Syrian Kurdish fighters clashed with the Islamic State group in a key town on the border between Syria and Turkey over the weekend, backed by American-led coalition airstrikes. In the neighboring Aleppo province, rebels reportedly shelled the regime stronghold of Aleppo, the biggest city in Syria, killing dozens.

Photos of triumphant fighters holding up the Kurdish People’s Protection Units (YPG) flag in Tel Abyad circulated on pro-Kurdish social media accounts on Monday, as fighters regained large parts of the city on the border. If Kurdish fighters are able to fully seize Tel Abyad, they will be able to consolidate territory they hold in a self-proclaimed autonomous Kurdish zone on the border with Turkey, between the towns of Kobani and Hasakah. Seizing Tel Abyad also would be a significant blow the Islamic State group, interrupting its supply lines between Syria and Turkey, which have been a major source of materials and supplies for the group also known as ISIS.

“If successful, ongoing Kurdish advances along this corridor would greatly increase the scope of the self-proclaimed Kurdish autonomous zone of Rojava -- a development that would likely prompt backlash from Turkey,” according to a report from the Institute for the Study of War.

ISIS was confined to certain areas of the town on Monday afternoon, when Kurdish and rebel fighters advanced toward a key border crossing between Turkey and Syria, according to the Syrian Observatory for Human Rights.

"Our advance is slow because there is a large concentration of Daesh forces inside the town and because of the large numbers of mines and booby traps they planted on the road," YPG spokesman Redur Khalil told the Associated Press, using the Arabic acronym for ISIS.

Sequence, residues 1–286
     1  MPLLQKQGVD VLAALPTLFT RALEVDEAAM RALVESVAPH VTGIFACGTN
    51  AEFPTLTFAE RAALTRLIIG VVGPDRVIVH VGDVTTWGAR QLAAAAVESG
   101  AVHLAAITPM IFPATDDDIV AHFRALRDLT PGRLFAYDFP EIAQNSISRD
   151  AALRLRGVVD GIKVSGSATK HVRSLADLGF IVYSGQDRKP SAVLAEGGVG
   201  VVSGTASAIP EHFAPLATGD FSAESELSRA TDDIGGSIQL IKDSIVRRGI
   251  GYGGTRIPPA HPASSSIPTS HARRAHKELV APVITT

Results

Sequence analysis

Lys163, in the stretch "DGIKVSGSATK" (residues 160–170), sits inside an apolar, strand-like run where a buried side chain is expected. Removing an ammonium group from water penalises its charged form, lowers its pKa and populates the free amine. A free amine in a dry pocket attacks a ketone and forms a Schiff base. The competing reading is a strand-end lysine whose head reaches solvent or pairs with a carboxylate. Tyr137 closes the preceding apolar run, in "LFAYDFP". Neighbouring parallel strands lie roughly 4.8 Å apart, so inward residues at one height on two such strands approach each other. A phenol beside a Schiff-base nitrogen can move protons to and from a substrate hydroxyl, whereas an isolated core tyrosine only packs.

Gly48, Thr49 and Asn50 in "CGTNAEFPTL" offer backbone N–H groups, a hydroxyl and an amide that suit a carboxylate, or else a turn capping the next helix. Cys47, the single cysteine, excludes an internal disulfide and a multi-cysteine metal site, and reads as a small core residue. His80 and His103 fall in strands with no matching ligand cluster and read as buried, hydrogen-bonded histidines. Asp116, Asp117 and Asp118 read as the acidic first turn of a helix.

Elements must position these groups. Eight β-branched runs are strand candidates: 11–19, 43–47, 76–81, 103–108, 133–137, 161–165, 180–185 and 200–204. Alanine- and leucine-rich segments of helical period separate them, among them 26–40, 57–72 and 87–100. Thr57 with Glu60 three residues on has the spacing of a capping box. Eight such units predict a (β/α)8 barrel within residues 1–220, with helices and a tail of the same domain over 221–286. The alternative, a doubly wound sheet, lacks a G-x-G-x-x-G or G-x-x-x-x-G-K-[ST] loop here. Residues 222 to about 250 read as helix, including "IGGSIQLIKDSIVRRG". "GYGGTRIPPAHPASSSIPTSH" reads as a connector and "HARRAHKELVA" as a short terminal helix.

American-led coalition aircraft reportedly joined the operation and conducted airstrikes in the area. Tweets appeared on Monday from people saying they had photographed coalition aircraft over Tel Abyad; in one of those tweets, images showed a U.S. B-1 bomber overhead. Information on airstrikes from the U.S.-led coalition is not yet available for operations conducted after June 11.

“I certainly don’t have a battlefield update or a confirmation of the outcomes of specific military actions,” State Department spokesman Jeff Rathke said at Monday’s press briefing. “We know there are reports about this.”

The fighting in the area over the weekend forced thousands of Syrians to cross illegally into Turkey, the New York Times reported. Turkey already hosts 1.8 million Syrian refugees. The border crossing reportedly was opened for a brief time on Sunday, but ISIS fighters were preventing refugees from entering Turkey.

“We are of the opinion that there isn’t a humanitarian tragedy there,” Turkish Deputy Prime Minister Numan Kurtulmus told CNN Turk television on Sunday. “Our priority is for them to remain within their border. We will continue to provide humanitarian aid to them.”

Meanwhile on Monday, Syrian rebel groups aligned with Jabhat al Nusra, the local branch of al Qaeda, shelled the city of Aleppo, killing at least 23 people, according to Syrian state-run television. Roughly 250 shells hit several neighborhoods in the regime-held city, according to the Syrian Observatory for Human Rights, which put the death toll at 13.

Aleppo has been the site of intense fighting among all factions since 2012, when rebels seized part of the city, attracting retaliatory airstrikes from the regime. Earlier this month, rebels made significant advances in Aleppo, but were halted when ISIS fighters attacked their positions in the northern part of the province.

“Aleppo is just one of those places in Syria where it’s very difficult to achieve any kind of decisive change on the battlefield,” Jeff White,  a defense fellow at the Washington Institute for Near East Policy, recently told International Business Times.